Inattentive drivers can be just as dangerous as drunk drivers; that’s a fact. And while the law has punishments in place for those whose drinking and driving results in the severe injury or death of another individual, distracted or careless motorists must also be held accountable if their negligence causes harm. As a Baltimore automobile accident lawyer, my aim is to help victims and their families to recover medical costs and other damages caused by another person.
Recently, a resident of Linthicum Heights pled guilty to a single count of vehicular manslaughter resulting from the August 22 pedestrian accident that left 59-year-old Glen Burnie woman dead. On that day, Mary Bernice Collins was on her way to Holy Trinity Catholic Church for evening mass when she was hit. She was reportedly standing on a sidewalk when hit by a vehicle driven by 27-year-old Matthew Evan Norwood.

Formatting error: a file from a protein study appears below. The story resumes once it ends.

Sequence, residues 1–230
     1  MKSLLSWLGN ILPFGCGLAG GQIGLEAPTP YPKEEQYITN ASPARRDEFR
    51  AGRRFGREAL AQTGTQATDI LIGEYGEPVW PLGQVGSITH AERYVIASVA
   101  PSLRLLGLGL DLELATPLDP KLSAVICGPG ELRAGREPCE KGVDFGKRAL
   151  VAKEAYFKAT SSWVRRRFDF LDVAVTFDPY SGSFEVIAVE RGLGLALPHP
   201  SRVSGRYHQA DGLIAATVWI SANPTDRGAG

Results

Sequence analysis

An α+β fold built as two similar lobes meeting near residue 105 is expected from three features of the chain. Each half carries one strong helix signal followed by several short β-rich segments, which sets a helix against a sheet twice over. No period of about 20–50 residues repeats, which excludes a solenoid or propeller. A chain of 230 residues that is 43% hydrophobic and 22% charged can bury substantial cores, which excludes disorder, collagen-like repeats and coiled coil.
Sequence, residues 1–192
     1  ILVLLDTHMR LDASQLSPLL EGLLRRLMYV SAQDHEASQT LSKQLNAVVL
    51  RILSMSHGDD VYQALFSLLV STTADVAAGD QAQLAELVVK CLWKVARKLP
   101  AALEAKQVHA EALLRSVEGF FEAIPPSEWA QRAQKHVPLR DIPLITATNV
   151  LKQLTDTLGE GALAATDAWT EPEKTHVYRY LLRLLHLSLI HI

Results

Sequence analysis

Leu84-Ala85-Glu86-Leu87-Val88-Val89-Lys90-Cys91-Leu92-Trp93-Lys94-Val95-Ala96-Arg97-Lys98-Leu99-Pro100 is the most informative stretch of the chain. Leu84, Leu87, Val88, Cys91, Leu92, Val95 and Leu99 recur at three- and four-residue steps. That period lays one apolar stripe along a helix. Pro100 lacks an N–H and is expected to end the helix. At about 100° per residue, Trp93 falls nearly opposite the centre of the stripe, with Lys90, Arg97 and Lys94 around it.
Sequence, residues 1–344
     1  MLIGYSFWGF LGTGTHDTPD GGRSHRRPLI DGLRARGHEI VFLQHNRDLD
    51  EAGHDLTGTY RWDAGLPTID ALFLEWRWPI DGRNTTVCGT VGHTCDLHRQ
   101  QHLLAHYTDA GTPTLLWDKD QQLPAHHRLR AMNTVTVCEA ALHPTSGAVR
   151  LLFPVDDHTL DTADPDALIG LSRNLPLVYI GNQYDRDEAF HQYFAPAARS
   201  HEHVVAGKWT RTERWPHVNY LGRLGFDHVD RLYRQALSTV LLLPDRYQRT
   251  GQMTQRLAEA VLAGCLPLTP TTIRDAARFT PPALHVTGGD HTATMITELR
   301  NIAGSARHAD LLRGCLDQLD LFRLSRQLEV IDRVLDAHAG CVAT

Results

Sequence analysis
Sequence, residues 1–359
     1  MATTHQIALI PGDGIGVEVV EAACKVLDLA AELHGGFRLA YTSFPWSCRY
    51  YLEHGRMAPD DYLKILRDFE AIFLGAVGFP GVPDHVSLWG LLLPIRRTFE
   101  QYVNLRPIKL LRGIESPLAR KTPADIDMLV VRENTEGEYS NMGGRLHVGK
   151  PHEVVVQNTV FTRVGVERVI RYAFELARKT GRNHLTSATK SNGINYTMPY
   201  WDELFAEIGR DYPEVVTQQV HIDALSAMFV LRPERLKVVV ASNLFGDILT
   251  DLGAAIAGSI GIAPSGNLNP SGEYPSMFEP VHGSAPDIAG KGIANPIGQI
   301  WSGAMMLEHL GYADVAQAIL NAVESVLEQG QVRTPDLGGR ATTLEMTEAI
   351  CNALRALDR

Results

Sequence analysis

Following the collision, Norwood reportedly left the scene. Based on circuit court reports in Annapolis, Norwood accepted a plea agreement in exchange for the prosecutor’s office to drop seven other related charges, not the least of which was for hit-and-run.
According to news reports, the man was apparently extremely sleepy due to the effects of two prescription drugs, Xanax and a narcotic analgesic, methadone. Prosecutors argued that the man knew the effects of the drugs, yet still decided to take the wheel of his vehicle just before 7pm that evening.
Police stated that the man was driving north on Baltimore Annapolis Boulevard when the vehicle jumped a curb near the intersection of Oak Lane and struck the victim. Eye witness testimony confirmed that the minivan Norwood was driving hit the victim while she was standing on the sidewalk. He reportedly drove off without stopping.
Collins was thrown nearly 100 feet from the point of impact and into the front yard of a nearby home. She was taken to Baltimore Washington Medical Center in Glen Burnie, where she was pronounced dead.
A sentencing hearing is scheduled for April 20. News reports indicate that prosecutors will argue at that Norwood should serve more than 18 months in a state prison for the crime.
Man guilty in fatal hit-and-run, HometownAnnapolis.com, March 5, 2010